When I see brands push these products to unsuspecting women, I can’t help but feel a mix of anger, sadness, and loss of hope for a real solution. Women already go through insurmountable pain with few options and skeptical doctors. When we find something that we think works, we need to know that we can consistently trust it. But right now, we don’t have that for CBD.
More than ever, it’s on us, the consumers, to be discerning—and to make sure we’re having honest, reasonable discussions about what we’re experiencing, whether or not our treatments are working, and when it’s appropriate to try something new with open-minded medical professionals. Those conversations are crucial to help you figure out exactly what your needs are and what you can really expect from a possible treatment—especially when it comes to CBD.
CBD Cream for Menstrual Cramps
Cannabidiol (CBD) continues to gain widespread acceptance as an effective natural supplement. This is because anecdotal evidence backed by a growing body of empirical research shows that CBD has many health benefits.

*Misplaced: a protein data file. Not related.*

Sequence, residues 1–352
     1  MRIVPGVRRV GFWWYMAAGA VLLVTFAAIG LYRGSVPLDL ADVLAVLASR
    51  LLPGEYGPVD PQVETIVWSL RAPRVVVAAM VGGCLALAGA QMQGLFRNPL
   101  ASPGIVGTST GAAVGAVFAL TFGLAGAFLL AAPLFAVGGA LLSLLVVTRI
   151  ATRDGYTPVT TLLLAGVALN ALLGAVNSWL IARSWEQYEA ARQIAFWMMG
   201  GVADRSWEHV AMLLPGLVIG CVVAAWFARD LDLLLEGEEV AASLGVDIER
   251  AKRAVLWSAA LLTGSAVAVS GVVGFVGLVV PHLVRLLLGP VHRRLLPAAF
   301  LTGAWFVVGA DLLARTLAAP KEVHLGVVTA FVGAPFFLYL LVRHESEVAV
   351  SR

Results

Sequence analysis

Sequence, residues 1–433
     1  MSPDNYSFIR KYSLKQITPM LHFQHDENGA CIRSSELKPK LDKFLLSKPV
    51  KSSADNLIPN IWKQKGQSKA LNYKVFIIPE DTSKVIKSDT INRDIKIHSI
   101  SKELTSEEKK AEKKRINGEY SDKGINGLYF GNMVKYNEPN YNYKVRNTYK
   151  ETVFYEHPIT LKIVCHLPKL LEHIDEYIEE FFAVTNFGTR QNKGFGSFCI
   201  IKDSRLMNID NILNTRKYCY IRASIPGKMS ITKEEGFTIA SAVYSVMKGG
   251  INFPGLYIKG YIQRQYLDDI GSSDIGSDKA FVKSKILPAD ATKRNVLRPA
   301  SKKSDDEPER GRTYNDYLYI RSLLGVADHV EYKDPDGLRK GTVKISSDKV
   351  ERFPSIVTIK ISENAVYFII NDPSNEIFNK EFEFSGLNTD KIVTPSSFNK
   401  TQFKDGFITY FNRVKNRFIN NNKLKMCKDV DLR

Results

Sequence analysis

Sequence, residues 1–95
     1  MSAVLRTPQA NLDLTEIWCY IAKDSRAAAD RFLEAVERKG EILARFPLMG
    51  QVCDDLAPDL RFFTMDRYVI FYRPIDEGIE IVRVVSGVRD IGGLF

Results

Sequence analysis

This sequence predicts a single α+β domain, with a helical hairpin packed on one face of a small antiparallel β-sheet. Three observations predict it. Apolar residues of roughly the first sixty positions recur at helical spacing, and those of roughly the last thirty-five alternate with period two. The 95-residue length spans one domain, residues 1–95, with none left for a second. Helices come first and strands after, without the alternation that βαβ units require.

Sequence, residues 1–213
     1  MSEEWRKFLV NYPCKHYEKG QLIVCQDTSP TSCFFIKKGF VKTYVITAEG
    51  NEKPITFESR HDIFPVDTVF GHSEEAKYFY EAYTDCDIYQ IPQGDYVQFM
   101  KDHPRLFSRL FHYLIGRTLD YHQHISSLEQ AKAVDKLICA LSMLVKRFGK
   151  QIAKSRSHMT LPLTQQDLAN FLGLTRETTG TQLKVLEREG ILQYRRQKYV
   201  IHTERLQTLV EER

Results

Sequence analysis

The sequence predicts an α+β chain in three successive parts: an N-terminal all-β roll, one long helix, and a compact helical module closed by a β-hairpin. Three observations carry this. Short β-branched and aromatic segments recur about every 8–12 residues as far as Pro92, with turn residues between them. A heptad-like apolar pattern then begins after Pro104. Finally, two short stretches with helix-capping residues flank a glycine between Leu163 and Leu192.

Even though we may just be finding out about CBD, marijuana has been used as medicine since ancient times. For example, marijuana was an integral component of Ayurvedic medicine in the Indian subcontinent.
Ayurvedic medicine is one of the oldest healing systems in the world, estimated to be over 3,000 years old.
Cannabis research is currently underway as scientists try to explain the many health-impacting properties of this unconventional herb.
Nonetheless, they are playing catchup because various cannabis compounds like THC and CBD are already used by millions worldwide, thanks to their healing properties.
CBD has shown potential in relieving symptoms associated with chronic pain, inflammation, stress and anxiety, and sleep quality .
I t’s fast making a name for itself as “the elixir of health” – a natural compound with holistic solutions to health issues.
What are menstrual cramps?